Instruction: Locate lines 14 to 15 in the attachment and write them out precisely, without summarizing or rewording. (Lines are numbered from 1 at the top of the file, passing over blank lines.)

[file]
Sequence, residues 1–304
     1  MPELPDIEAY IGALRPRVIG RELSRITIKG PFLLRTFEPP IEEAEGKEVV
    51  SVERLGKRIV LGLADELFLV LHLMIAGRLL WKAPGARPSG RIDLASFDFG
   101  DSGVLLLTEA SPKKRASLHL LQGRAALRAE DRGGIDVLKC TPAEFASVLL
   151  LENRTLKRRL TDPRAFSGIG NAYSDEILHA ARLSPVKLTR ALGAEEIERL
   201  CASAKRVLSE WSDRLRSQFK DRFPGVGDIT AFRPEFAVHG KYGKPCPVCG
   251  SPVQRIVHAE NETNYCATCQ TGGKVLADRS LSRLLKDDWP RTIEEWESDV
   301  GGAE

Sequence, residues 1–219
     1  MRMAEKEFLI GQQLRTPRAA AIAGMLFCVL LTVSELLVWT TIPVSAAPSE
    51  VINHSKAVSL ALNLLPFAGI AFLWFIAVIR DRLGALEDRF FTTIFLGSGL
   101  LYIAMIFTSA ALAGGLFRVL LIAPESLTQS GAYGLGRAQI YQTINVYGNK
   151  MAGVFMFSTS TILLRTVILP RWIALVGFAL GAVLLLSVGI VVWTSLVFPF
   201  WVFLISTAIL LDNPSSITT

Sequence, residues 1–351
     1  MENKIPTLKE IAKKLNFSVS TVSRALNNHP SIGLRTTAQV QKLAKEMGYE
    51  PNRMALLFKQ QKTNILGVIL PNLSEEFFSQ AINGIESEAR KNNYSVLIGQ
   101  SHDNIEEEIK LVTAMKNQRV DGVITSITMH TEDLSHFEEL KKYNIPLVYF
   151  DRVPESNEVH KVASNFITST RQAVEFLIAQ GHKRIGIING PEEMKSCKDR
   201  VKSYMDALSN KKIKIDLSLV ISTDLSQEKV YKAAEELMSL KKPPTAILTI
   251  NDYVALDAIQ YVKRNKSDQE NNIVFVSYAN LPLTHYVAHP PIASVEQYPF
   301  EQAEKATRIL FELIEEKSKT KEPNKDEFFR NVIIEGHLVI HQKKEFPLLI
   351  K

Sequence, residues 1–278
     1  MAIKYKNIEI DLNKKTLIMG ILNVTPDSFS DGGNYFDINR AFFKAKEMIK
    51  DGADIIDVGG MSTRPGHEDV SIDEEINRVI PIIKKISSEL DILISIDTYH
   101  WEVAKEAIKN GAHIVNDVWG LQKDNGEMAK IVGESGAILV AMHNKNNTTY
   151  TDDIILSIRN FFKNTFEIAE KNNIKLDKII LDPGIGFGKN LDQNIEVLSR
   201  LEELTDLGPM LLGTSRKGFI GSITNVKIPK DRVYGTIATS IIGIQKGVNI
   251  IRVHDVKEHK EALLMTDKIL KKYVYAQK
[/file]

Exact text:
   201  WVFLISTAIL LDNPSSITT

Sequence, residues 1–351